Tomáš explains, “Another problem is the excessive content of THC in the blood after use of CBD oils. THC is another medicinally active substance from cannabis, but it is psychoactive as opposed to CBD. Even its relatively low quantities can cause changes in perception among more sensitive individuals, which could jeopardize their ability to drive or make decisions in general – especially if they are not aware of the possibility of their psyche being influenced by an external substance.”

There could be legal implications for the consumer, too. “Another problem for drivers may be testing positive for THC upon traffic stops, which could lead at least to losing one’s driver’s license. Generally speaking, any psychoactive substance in one’s body about which one has no idea is always a problem.”

The results of their analysis exceeded expectations of the deficiencies in the claims of the producers. This lead ICCI, along with the Department of Food Analysis and Nutrition, to issue a warning to European consumers about the risks of hazardous contaminations.

They discovered that, in terms of the content of polyaromatic hydrocarbons (PAH), only 9 out of 29 (31%) of tested CBD oils were satisfactory.

Cannabis oils (which are actually oils from cannabis seeds and not from the plant) enjoyed better success in this basic food safety criterion. In this category, 23 out of 25 tested sample products (92%) satisfied the legal limits of PAH in foods.

The quality analysis also uncovered a problem in the lack of awareness of customers on the composition of the given product. A full 60% of tested CBD oils did not have any mention of the THC level on the label. This is important as consumers need to know if they exceed the recommended or maximum dosage of THC. Otherwise, they could end up testing positive for a THC level higher than the limit of 2ng per ml of blood upon screening during a traffic stop or employment.

For a quarter of the tested oils, the risk is affiliated with the use of a recommended dose and another 10% evoke this risk upon using the maximum dosage stated on the packaging. Further, labels of 34% of CBD oils showed discrepancies between the true content of CBD, or sums of CBD and cannabidiolic acid (CBDA), and the content stated by the producer.

This means that CBD consumers could not only be just plain old ripped off, they could be taking substances detrimental to their health, hazardous to their safety and psychological well-being, and  they could be unwittingly breaking the law whilst driving or lose their job after a drug test.

With the European hemp industry growing so much in recent years, ICCI’s study and other independent testing of the quality of cannabis-based products designed for human consumption highlight the need to introduce and observe standards for safe production and distribution.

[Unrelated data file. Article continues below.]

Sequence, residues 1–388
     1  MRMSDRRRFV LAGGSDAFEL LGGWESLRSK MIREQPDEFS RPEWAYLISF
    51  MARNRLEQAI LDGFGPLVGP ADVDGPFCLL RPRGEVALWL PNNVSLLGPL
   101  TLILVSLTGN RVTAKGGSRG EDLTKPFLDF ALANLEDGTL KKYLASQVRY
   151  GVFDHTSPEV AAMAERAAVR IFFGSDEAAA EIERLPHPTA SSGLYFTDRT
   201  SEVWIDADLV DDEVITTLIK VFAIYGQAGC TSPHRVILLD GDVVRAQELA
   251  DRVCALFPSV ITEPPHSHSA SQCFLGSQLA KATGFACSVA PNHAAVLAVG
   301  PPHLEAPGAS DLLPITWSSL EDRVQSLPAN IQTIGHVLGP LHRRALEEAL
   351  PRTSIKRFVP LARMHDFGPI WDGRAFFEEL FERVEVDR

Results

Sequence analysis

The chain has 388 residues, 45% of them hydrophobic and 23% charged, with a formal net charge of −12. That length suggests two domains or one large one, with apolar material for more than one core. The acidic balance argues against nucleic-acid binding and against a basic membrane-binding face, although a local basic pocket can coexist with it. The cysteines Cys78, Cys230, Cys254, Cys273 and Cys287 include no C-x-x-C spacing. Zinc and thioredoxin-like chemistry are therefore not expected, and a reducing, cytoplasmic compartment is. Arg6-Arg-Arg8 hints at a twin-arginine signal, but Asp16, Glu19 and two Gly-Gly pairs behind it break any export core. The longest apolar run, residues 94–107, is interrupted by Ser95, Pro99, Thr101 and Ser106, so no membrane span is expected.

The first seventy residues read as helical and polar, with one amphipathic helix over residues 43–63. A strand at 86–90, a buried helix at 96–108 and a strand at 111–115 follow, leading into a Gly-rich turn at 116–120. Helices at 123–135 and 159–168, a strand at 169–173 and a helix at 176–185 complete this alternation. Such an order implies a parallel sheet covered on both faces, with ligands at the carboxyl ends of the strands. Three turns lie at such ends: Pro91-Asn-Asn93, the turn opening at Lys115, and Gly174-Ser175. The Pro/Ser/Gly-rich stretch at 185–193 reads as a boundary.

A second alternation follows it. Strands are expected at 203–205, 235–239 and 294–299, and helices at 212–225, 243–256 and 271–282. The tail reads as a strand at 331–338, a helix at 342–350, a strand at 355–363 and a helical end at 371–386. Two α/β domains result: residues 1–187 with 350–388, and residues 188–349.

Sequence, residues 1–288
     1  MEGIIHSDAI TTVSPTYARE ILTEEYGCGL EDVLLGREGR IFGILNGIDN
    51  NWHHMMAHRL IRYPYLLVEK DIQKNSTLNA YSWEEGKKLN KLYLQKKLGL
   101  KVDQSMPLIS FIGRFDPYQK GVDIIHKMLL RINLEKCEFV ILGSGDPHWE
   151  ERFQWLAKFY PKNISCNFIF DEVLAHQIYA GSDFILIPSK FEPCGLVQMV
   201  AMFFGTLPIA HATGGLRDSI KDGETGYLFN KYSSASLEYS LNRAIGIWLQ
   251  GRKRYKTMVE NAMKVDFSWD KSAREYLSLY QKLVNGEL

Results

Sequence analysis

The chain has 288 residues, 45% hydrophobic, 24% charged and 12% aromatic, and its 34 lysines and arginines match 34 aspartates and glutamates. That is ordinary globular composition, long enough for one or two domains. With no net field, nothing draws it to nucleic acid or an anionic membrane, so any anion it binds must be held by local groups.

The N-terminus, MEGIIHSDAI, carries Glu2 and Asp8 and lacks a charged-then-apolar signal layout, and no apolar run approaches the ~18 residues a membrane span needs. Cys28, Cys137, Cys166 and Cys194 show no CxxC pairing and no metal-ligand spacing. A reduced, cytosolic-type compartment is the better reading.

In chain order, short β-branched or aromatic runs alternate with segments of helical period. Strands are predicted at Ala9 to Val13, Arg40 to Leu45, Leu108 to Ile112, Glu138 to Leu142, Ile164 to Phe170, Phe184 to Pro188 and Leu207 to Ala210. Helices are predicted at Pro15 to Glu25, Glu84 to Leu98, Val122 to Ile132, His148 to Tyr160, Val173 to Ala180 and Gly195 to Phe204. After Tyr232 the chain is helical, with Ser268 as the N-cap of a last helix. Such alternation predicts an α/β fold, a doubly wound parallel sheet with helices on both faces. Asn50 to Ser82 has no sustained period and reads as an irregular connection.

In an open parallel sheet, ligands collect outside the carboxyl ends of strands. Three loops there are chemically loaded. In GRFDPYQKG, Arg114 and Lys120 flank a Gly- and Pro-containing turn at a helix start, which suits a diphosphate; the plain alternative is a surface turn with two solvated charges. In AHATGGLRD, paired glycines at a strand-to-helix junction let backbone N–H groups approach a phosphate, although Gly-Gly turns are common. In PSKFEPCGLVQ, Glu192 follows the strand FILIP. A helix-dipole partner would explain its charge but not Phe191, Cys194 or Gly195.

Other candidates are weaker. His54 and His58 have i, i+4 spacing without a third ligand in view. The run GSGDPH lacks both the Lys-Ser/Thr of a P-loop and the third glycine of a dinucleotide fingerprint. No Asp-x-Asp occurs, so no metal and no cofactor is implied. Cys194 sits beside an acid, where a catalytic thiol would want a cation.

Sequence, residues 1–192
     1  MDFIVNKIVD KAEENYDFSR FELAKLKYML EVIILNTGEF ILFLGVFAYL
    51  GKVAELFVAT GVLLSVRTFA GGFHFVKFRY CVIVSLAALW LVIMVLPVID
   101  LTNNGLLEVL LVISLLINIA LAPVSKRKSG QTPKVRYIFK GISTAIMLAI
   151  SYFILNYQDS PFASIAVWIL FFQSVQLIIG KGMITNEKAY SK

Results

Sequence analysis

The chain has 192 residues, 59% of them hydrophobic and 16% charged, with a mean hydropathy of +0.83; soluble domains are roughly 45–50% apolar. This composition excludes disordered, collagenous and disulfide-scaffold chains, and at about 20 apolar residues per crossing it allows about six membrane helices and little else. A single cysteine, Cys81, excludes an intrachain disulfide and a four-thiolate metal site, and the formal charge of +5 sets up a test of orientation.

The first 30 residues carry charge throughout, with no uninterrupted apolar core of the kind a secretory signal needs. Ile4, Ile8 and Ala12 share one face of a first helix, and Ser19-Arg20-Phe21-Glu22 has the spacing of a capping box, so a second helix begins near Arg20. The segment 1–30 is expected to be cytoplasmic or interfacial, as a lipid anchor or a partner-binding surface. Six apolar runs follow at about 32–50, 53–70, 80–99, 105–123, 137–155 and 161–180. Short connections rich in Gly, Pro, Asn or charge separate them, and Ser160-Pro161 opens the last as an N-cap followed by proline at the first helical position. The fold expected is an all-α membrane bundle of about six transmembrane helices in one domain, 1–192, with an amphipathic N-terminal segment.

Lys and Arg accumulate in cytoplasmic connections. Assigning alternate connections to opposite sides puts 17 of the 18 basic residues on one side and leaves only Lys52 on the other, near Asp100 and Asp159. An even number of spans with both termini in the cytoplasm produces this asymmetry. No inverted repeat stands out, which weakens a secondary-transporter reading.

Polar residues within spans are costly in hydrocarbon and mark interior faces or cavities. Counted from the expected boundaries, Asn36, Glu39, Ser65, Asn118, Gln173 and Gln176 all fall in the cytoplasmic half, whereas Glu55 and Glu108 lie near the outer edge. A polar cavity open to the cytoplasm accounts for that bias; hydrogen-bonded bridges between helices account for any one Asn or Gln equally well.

Having met many people working within the industry over the last few years, I get the impression they are not trying to pull the wool over the eyes of innocent consumers, but rather they lack the knowledge to setup and manage facilities involved in the production and distribution of cannabis-related products. Up until now, there was no way for them to gain this knowledge.

Therefore last year, ICCI licensed the PFC program from the nonprofit American patient organization ASA (Americans for Safe Access) for certification outside the USA and localized the certification criteria for use in the EU.

Pavel Kubů, CEO of ICC,I explains what will happen with the results of this testing, “We are contacting all producers of the tested edible cannabis-based food products, we will share with them the results and offer assistance in checking the safety and increasing the quality of their products. The list of those foods that satisfied limits in the PAH analysis will be available to all consumers on the PFC International website. Members of patient organizations associated in the international association (IMCPC) will be provided information through the association KOPAC regarding the quality of the oil that they use and find out whether it was amongst those tested, and if so, with what results.”


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THE TIDE IS CHANGIN’…..Poland’s Lower House Votes 440-2 in Favor of Legalizing Medical Marijuana